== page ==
What is a cataract?

A cataract is a change in the transparency of the lens of the eye. In a normal eye, the lens is transparent, allowing light to pass through to the retina and the image to form. With age, the lens loses its transparency and develops opacifications, i.e. whitish areas, which prevent normal passage of light towards the retina, compromising vision.

How is a cataract formed?

The appearance of cataracts is usually the result of the natural aging process. In fact, almost all people over 60 years of age have this problem, albeit with different severities. However, when cataracts occur in young people or in diabetic patients, their progression is usually faster. Other causes of cataracts are ocular trauma, excessive exposure to sunlight, and previous eye surgeries. Smoking and the use of certain medications, such as cortisone, are also considered risk factors for the development of cataracts. The appearance or development of cataracts is not caused or exacerbated by activities like reading, sewing or watching television.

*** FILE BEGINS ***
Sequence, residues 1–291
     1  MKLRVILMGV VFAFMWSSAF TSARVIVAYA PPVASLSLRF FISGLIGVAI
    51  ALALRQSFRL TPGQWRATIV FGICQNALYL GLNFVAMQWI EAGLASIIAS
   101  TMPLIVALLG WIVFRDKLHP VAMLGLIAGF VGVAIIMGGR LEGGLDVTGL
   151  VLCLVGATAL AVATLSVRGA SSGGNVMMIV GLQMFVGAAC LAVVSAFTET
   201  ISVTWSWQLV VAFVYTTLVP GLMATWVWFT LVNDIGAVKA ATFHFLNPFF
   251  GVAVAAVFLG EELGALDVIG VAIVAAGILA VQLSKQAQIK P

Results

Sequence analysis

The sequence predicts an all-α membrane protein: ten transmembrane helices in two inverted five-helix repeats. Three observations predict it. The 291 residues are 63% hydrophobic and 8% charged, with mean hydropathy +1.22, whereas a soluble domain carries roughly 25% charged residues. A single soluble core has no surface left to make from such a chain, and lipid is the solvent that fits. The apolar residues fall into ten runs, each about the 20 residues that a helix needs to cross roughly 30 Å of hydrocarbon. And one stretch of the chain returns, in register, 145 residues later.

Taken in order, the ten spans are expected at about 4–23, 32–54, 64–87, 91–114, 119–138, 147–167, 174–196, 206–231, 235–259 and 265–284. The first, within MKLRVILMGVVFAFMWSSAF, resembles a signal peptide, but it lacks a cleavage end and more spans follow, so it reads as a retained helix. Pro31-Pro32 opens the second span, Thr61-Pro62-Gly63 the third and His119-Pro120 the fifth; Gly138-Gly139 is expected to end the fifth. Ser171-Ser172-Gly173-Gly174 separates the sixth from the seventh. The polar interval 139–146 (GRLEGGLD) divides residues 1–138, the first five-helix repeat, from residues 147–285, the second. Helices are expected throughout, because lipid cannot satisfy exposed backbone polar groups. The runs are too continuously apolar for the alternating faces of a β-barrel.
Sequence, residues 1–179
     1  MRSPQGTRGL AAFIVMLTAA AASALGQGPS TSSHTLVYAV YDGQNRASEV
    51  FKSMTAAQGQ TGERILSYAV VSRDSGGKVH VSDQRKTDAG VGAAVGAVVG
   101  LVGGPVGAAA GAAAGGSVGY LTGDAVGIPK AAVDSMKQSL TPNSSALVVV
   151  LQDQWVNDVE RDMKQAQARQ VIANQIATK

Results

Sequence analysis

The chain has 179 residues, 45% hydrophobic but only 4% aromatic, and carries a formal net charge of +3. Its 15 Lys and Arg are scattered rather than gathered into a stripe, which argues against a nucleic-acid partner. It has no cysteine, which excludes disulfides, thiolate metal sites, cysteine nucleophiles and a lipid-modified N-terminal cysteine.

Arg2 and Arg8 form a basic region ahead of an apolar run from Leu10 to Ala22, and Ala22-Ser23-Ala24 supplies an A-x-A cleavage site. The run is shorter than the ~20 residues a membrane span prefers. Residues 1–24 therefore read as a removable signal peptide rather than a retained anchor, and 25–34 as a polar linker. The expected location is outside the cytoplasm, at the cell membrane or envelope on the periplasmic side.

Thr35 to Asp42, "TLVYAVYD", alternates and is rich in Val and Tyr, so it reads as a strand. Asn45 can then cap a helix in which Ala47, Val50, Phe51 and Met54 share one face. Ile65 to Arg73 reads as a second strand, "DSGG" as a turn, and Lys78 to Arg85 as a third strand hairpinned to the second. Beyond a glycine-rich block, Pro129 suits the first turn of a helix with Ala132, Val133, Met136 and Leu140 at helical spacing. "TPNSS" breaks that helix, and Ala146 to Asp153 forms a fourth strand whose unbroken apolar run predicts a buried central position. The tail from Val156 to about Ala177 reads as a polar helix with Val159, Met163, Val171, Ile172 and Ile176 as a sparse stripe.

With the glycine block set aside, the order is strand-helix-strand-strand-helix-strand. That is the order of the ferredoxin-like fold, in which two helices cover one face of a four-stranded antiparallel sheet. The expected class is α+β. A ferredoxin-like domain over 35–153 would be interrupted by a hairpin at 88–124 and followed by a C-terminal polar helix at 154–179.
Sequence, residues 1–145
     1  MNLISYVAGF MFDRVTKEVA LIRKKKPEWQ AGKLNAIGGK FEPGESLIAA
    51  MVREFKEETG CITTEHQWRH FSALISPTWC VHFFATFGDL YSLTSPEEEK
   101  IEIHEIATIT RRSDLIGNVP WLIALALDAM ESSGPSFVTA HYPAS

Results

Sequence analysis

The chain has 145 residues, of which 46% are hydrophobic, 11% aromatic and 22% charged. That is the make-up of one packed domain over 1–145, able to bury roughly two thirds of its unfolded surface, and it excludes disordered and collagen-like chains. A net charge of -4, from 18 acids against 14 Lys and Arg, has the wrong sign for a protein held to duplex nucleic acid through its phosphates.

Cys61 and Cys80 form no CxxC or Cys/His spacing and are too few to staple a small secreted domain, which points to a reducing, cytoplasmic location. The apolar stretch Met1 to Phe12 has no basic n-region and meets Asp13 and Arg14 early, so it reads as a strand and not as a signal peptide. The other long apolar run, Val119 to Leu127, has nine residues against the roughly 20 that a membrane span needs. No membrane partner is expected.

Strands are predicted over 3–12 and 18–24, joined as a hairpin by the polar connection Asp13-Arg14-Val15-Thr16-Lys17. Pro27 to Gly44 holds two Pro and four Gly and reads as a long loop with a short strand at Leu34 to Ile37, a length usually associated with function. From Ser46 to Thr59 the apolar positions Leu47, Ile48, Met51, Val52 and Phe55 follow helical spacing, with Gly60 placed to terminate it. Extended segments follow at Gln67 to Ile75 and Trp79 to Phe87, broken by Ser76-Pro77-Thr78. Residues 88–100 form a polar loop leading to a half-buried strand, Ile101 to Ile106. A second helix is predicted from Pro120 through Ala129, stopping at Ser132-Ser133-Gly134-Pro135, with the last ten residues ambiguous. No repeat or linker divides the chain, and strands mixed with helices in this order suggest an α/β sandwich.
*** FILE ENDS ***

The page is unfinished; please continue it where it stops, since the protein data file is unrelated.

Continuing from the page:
What is the treatment for cataracts?

Certain medications may delay the progression of cataracts. However, once formed, cataracts can only be removed by surgery. Only an ophthalmologist can confirm the presence and extent of the cataract or other diseases that may also cause blurred vision. For example, if there are problems with the retina (macular degeneration, diabetic retinopathy, etc.) or optic nerve (glaucoma, optic atrophy), cataract removal may not significantly improve vision.

How does the cataract manifest itself?

In general, loss of lens transparency is a slow process. In the early stages, depending on its size and location, the cataract may go unnoticed by the patient. For example, if the lens opacification is not central, the patient may not even realize that the cataract is there. However, sooner or later, the cataract will cause changes in vision. The patient with cataracts may see blurred or double images, experience loss of vision, need to change glasses frequently, and have night vision difficulties. Cataracts do not cause pain, but can seriously affect the performance of certain tasks such as reading, sewing, or driving.